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The New York Times has bigger problems this week than getting mocked again for stupid trend pieces, but there have been three egregious examples this spring that’s raised the bile to apoplectic levels.

So here we go.

Screw you for making monocles a “thing” again. Good God, is there anything worse than hipster fashion? Yes, there is: hipster fashion that doesn’t actually exist. Sure, you can address the story itself in some sort of weird, meta fashion, but it doesn’t change the fact you pulled a story about hipsters in Brooklyn supposedly wearing monocles out of your ass. Brooklyn hipsters are the worst* and your stories about them hit a new low with this.

Screw you, New York Times, for making American soccer fans seem even MORE insufferable than they already were. The way Americans consume European soccer has changed dramatically in the 20 years since the United States hosted the World Cup. NBC Sports aired EVERY SINGLE FINAL MATCH of this year’s EPL day simultaneously across just about every network with an NBC affiliation. Even a yokel like me watches the occasional EPL or Champions League match and always try to follow USMNT players playing overseas. But you can’t deny the hilariously misguided elitism that runs rampant through American soccer fan circles. So what happens when you view that fandom through the prism of “New York City’s creative class”? A shitstorm of diarrhea that feels like flesh eating bacteria are gnawing away at your cerebral cortex. It’s a new level of high-minded rich people hobbies and if you’ve ever read the Times’ wedding sections (a must!), you know how bad it already is.

Screw you, New York Times, for giving more than one word to “normcore,” the new trend of rich kids in which they ironically “slum it” with fashion like t-shirts and jeans. A hoodie and jeans with generic Nike sneakers? To people who read VICE, that’s the momentary fashion kick. To the rest of the world, it’s called “what we wear every day.” I once lived in Georgia**, assholes, and if you think you’re being cute when you wear a faded t-shirt and acid wash jorts is a fashion statement, I’ve got a size 12 Reebok Pump to put up your ass. Some of us wear family reunion picnic t-shirts purchased at a thrift store because we can’t really afford much else, not because we want to have a fashion smirk.*** This is partly Macklemore’s fault**** but you’re culpable, Times, for giving this an ounce of attention.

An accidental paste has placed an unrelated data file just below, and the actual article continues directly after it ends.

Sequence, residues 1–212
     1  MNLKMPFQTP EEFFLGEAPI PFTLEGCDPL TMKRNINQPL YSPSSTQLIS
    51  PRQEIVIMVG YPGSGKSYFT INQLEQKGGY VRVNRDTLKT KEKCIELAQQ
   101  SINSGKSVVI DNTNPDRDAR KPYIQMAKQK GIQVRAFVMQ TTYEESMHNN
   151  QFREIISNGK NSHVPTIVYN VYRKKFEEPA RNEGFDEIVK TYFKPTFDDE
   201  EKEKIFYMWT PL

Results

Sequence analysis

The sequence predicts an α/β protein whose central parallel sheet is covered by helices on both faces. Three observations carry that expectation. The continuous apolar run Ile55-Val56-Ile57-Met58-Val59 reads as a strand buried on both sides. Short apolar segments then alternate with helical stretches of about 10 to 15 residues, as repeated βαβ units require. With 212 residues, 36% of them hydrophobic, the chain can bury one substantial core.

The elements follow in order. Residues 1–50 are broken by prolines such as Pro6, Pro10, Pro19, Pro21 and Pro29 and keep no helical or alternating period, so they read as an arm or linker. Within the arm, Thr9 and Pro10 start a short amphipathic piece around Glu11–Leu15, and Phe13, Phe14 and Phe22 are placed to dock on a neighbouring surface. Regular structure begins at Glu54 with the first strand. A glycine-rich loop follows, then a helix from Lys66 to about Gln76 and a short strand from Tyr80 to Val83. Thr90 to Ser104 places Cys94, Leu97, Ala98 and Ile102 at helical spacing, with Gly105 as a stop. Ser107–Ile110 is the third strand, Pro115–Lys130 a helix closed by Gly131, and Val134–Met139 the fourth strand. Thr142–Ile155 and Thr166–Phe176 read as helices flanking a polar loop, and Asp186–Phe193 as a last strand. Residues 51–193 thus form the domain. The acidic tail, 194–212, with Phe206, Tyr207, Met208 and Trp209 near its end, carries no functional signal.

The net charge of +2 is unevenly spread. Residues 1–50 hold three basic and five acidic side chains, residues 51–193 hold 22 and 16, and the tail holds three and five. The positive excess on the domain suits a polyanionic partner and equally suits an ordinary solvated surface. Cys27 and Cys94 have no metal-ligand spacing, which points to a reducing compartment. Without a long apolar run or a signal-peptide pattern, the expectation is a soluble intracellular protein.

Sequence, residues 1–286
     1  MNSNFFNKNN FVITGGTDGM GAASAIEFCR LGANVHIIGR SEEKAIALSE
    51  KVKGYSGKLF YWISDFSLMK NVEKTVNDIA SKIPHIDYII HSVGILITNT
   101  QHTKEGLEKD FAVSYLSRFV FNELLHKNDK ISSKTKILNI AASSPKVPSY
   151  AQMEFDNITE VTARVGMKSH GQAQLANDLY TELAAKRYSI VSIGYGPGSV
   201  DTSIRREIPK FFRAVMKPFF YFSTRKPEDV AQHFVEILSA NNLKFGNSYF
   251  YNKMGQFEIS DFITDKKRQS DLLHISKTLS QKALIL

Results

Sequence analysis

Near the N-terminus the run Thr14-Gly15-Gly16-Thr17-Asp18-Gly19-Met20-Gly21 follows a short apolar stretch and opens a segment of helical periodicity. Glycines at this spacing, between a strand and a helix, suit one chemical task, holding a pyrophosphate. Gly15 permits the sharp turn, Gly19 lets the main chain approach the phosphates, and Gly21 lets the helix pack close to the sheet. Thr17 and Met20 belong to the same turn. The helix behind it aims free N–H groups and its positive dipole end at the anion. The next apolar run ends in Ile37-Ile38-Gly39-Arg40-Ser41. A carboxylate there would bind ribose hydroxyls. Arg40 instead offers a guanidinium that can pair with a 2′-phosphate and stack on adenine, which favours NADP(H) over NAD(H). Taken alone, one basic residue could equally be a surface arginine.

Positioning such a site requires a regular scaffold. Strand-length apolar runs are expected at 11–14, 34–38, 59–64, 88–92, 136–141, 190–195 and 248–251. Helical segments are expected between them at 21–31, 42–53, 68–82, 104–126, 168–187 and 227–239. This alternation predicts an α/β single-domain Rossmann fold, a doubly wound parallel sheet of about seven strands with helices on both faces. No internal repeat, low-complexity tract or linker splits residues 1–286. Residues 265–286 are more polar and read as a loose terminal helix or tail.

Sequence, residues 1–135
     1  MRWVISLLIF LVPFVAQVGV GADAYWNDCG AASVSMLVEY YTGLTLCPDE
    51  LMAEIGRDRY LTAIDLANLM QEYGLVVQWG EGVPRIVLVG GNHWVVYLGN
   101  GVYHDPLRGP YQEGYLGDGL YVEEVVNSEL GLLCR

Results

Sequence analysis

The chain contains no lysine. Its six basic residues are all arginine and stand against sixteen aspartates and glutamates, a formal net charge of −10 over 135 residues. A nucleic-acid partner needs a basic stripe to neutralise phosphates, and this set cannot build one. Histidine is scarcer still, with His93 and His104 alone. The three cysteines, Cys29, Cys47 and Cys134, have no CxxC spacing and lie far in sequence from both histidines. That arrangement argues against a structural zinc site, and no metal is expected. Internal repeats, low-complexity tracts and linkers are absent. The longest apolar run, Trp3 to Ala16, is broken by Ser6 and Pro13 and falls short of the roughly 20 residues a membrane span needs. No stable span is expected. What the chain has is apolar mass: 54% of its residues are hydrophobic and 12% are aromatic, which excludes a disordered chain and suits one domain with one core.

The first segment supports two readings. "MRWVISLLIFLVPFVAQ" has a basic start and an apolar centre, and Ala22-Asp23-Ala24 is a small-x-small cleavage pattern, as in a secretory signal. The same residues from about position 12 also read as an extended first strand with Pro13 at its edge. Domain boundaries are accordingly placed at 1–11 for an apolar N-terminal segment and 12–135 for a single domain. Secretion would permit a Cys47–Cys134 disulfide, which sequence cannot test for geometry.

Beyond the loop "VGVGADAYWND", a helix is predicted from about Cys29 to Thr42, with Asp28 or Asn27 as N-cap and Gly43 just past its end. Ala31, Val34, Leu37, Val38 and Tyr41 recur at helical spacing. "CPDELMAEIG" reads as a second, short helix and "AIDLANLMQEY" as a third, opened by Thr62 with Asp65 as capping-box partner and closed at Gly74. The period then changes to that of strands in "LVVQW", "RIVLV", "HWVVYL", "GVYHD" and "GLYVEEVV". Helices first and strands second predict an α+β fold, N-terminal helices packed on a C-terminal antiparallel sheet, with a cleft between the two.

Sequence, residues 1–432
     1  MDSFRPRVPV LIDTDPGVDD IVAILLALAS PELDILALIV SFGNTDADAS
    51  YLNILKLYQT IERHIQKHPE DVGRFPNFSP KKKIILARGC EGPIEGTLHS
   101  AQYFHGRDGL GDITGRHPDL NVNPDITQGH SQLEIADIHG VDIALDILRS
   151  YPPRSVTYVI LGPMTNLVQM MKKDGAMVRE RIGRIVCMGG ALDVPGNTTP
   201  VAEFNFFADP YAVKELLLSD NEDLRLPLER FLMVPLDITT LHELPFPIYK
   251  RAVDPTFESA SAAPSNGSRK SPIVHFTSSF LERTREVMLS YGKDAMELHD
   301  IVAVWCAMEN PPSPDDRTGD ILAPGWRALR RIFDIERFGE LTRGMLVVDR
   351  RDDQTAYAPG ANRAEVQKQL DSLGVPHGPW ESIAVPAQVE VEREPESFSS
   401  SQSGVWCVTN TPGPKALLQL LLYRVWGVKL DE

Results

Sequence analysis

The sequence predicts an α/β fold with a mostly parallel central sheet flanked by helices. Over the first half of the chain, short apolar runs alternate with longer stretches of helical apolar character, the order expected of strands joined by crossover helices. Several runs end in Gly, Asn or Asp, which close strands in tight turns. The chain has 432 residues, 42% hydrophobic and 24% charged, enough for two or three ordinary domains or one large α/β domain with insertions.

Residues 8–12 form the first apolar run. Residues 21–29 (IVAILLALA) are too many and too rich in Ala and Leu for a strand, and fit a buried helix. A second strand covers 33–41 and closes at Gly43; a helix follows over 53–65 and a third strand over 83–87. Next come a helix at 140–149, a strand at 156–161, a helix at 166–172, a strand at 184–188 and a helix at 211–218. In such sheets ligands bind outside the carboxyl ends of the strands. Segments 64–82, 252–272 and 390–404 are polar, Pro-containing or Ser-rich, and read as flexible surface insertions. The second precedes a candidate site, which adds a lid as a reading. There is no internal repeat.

It wasn’t too long ago I railed against the wave of nostalgia for shitty ’90s pop culture. Even those were a result of trend pieces; all it took was one Buzzfeed retrospective on ‘Friends’ or a 10,000 word essay about the allegorical nature of ‘The Adventures of Pete & Pete’ on the A.V. Club and BAM! Trends. (That said, I’m looking forward to these high-brow pop culture sites twisting themselves into pretzels to find something good in the new ‘Boy Meets World’ spin-off.) So it’s not just the Times or clueless mainstream media sites that fall in to this trap. It’s everyone. But the Times is – by far – the worst.

At this rate, you can count on the Times banking a big lifestyle piece in November 2015: “The NFL: It’s not just for straight people anymore!”

[Notes: * - Scientifically, Brooklyn hipsters are not, in fact, the worst. The "worst" are Vancouver Canuck fans; ** - Not for very long because it's Georgia; *** - Okay, sometimes they are kinda funny; **** - Correction to earlier note: Macklemore is, in fact, the worst.]